MINNEAPOLIS — A federal judge in the U.S. District Court of Minnesota has dismissed a lawsuit against General Mills, Inc. involving the Minneapolis-based company’s use of the term “natural” to describe the oats in its granola bars.
The class-action lawsuit stemmed from a complaint filed by a group of citizens in August 2016 in which the group alleged they were misled by General Mills’ claim that its Nature Valley granola bars were “Made with 100% Natural Whole Grain Oats.” According to the complaint, the claim was deceptive because “Nature Valley products contain trace amounts of the chemical glyphosate, an herbicide and desiccant, which is commonly sprayed on oat crops to dry them.”
The plaintiffs said they relied upon General Mills’ claim and would not have purchased the products if they had known they contained glyphosate.
In his July 12 ruling, Judge Michael J. Davis said the plaintiffs “failed to plausibly allege that the statement ‘Made with 100% Natural Whole Grain Oats’ means, or could be interpreted by a reasonable consumer to mean, that there is no trace glyphosate in Nature Valley products.”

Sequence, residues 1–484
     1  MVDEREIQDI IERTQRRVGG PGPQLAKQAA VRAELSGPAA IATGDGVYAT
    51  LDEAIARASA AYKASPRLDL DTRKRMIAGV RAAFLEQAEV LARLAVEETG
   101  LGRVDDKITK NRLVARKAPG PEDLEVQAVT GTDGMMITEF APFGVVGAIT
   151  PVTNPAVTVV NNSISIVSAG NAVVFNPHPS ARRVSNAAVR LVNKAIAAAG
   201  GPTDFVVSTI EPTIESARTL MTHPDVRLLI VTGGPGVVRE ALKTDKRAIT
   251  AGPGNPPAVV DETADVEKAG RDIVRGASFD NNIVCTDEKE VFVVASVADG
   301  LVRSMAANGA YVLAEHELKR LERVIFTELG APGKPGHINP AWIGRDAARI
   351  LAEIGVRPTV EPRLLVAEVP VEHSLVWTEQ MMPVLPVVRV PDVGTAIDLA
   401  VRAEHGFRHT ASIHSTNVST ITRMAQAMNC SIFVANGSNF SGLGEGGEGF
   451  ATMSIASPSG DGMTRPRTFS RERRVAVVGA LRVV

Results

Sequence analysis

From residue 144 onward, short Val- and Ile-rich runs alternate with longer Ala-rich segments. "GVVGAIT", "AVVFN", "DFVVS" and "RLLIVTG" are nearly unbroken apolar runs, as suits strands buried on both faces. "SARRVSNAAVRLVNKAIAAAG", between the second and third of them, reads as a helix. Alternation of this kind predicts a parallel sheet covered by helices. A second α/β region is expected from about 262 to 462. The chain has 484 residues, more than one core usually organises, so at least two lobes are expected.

|Judge Michael J. Davis|
“It is implausible that a reasonable consumer would believe that a product labeled as having one ingredient — oats — that is ‘100% Natural’ could not contain a trace amount of glyphosate that is far below the amount permitted for organic products,” Judge Davis said.
Judge Davis further concluded that the packaging on the granola bars states “Made with 100% Natural Whole Grain Oats.”“There is no dispute that the products were made with whole grain oats that, themselves, are ‘100% Natural,’” Judge Davis said. “Even if the glyphosate traces are present on the oats, there is no allegation that the oats, themselves, are not natural. The packaging does not state that the product, as a whole, is ‘100% Natural.’ It is not plausible that a representation that one ingredient in a product — in this case, oats — is ‘100% Natural’ means that the product as a whole does not contain traces of synthetic ingredients. Plaintiffs cannot claim a breach or misrepresentation based on a warranty that defendant never gave.”